My grandmother Sophia was making beautiful fermented cucumbers, my mother Mira used to do is as well. So, since I moved to a house with nice cellar, I also started making fermented cucumbers for winter. They are not only perfect for eating straight, as part of salad or a delicious sour soup, they are also very valuable for digestion system.
Few years ago I met prof. Marek Naruszewicz who is well known nutrition specialist cooperating with Univerisities in Sweden and United States, President of the Polish Society for the Study of Atherosclerosis, know person in the world of science, medicine, pharmacy and healthy eating, published his works in "American Journal of Clinical Nutrition" and other prestigious magazines. We talked about fermented cucumbers, although it wasn’t the main subject of our conversation… ha ha… Professor said that fermented cucumbers are very valuable, because they contain bacteria that are important for improving digestion and we can’t find it anywhere else, they are specific for fermented cucumbers…
So beautiful people! Ferment your cucumbers!
I will share with you today the method present in my family since decades. It works great. 100% guarantee. The only 2 reasons why fermenting cucumbers might be a flop. This happens if cucumbers were grown using chemical fertilizers – for some reasons such cucumbers do not ferment in a proper way, but rather become soft and smelly… brrrr… The second reason is too hot temperature during fermentation. For that reason better avoid temperatures over 80F/26C.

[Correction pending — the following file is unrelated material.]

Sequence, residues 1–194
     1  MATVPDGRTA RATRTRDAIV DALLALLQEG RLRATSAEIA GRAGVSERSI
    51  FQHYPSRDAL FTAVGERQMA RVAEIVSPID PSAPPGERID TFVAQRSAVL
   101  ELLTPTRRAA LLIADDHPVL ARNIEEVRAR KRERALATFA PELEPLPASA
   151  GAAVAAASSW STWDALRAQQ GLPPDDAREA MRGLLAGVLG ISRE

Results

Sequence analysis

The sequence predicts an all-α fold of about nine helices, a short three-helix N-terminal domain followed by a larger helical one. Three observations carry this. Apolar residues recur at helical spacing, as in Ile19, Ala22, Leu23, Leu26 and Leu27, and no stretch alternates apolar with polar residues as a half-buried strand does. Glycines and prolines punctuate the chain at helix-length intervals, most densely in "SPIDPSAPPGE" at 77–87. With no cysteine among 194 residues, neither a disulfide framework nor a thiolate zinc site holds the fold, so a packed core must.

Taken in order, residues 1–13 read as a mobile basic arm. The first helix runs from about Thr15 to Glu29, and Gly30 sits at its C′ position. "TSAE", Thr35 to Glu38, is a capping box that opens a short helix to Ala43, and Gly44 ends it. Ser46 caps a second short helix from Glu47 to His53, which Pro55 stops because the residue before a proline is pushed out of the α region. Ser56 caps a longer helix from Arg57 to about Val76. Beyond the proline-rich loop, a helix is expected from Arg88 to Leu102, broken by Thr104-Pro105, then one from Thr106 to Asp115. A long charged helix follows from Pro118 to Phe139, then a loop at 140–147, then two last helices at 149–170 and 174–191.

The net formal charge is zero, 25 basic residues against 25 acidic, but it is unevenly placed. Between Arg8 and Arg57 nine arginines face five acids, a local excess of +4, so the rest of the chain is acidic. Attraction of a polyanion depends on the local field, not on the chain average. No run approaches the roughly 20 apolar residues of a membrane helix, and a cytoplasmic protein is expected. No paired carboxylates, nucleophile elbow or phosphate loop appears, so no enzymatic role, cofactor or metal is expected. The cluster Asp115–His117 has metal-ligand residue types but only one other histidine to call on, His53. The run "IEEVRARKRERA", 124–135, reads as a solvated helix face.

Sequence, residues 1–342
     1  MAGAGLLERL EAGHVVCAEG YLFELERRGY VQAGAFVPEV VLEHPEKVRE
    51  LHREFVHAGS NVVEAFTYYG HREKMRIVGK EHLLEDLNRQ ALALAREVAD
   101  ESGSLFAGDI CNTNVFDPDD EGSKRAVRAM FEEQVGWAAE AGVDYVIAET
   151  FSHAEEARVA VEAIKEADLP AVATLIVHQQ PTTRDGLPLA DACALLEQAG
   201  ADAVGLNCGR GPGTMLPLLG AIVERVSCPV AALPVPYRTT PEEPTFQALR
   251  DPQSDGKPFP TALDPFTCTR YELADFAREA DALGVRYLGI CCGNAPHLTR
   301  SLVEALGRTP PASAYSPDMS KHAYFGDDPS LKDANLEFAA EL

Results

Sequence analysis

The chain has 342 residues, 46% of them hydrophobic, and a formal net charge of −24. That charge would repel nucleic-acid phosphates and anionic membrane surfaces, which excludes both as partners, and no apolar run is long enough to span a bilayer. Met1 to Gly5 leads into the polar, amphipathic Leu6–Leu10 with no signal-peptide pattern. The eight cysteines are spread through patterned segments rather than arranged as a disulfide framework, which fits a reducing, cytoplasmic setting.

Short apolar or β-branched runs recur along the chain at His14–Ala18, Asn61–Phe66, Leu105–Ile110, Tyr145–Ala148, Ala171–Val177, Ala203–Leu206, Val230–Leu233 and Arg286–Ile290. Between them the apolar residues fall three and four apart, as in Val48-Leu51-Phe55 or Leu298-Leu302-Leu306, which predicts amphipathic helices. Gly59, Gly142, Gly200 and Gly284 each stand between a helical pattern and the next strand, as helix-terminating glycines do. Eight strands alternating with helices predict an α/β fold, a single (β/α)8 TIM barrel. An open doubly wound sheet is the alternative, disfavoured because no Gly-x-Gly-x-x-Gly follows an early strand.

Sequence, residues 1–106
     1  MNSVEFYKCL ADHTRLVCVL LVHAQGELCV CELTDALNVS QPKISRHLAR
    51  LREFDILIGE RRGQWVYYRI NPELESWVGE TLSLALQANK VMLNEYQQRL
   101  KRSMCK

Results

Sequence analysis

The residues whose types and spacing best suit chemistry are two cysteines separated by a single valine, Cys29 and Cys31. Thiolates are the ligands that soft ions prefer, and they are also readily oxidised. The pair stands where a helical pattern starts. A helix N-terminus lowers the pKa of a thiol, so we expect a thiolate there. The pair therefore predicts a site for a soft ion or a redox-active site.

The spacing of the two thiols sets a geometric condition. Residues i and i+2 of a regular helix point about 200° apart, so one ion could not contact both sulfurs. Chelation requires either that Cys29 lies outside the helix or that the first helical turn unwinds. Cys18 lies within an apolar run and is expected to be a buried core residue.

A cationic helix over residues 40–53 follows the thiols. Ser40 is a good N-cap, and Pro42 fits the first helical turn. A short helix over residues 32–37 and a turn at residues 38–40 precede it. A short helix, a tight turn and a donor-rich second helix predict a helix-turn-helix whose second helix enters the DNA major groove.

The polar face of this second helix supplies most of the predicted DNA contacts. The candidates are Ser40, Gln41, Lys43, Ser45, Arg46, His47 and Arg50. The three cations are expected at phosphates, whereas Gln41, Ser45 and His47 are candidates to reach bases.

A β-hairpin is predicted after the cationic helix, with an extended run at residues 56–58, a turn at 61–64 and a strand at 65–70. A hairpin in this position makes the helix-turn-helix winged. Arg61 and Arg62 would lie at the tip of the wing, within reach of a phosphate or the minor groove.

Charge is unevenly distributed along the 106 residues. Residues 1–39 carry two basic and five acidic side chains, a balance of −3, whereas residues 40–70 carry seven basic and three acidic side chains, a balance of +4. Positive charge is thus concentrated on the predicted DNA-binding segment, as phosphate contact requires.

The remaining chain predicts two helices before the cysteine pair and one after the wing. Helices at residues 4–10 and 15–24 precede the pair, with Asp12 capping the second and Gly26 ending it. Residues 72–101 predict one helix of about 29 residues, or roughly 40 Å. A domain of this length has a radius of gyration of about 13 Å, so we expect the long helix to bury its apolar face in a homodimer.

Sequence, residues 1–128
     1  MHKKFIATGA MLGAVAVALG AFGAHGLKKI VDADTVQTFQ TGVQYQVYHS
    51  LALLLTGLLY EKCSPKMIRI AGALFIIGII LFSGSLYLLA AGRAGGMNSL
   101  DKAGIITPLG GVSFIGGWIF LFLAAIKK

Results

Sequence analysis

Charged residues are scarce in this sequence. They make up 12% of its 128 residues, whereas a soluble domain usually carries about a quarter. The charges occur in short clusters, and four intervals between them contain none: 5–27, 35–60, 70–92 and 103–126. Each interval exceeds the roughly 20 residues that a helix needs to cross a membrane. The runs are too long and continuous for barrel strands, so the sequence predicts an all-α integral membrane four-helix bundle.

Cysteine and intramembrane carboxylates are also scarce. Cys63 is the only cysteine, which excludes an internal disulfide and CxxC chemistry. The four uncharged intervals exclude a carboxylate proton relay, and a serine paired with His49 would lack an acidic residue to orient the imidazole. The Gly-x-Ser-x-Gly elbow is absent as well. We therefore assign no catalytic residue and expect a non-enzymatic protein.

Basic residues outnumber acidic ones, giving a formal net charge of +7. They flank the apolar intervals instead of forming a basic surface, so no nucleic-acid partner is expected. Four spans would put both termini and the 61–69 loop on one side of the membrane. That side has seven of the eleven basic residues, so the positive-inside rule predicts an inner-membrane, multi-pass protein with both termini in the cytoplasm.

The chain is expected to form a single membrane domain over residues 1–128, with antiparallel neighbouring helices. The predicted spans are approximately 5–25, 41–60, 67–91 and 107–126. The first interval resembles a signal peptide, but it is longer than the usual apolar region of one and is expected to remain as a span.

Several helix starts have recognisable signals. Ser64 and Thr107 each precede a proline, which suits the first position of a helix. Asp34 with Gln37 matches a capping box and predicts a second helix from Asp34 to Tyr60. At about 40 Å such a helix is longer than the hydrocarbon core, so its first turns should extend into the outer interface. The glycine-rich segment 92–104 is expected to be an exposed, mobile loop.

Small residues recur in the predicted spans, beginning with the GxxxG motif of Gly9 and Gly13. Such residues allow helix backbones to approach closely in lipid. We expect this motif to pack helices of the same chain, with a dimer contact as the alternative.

Containers: You need 1-gallon container for 5 pounds of cucumbers. They say that food-grade plastic is OK, but I’d rather choose glass containers, which are excellent.
Keep cucumbers 1/2 inches under brine during fermenting. It is possible to use plate or glass pie plate inside the fermentation container if you choose bigger container. If you use glass jars just place cucumbers tight enough so they don’t float freely. Don’t fill the jar fully. The level of brine should be at least 1 inch below the edge of the jar.
Wash and rinse the fermentation container, plate, and jars with hot water.
Dill and Cucumber Fermented Pickles
Take for one liter jar:
1 lbs. of 4-inch pickling cucumbers
2 tbsp. dill seed or 2 to 3 heads fresh or dry dill weed (seeds not the plant itself is important)
2 cloves garlic
3 tbsp. of mustard seeds
2-3 slices of fresh horseradish root
Proportions of the salt and water brine: ½ cup salt and 8 cups water. Do not use salt with added iodine.
How to make fermented cucumbers
Boil water with salt for 5 minutes. Wait until cools down. Wash cucumbers. Place all spices on bottom of a container. Add cucumbers. Pour cold water over cucumbers – remember leaving 1/2 inch space from the edge. Close the lid. Store where temperature is between 70°F/21C for about 1 week while fermenting.
After 5 days we like to eat such partially processed cucumbers, but they are half done. You may try if you like it. If don’t then wait at least 2 weeks.
Attention! If the pickles become soft, slimy, or develop a disagreeable odor, discard them.
Fully fermented pickles may be stored in their original containers for about at least 6 months, provided you don’t open the container.
Below you can see how my pickles were changing in 5 consecutive days.
More information about fermenting veggies you will find at Minnesota University website.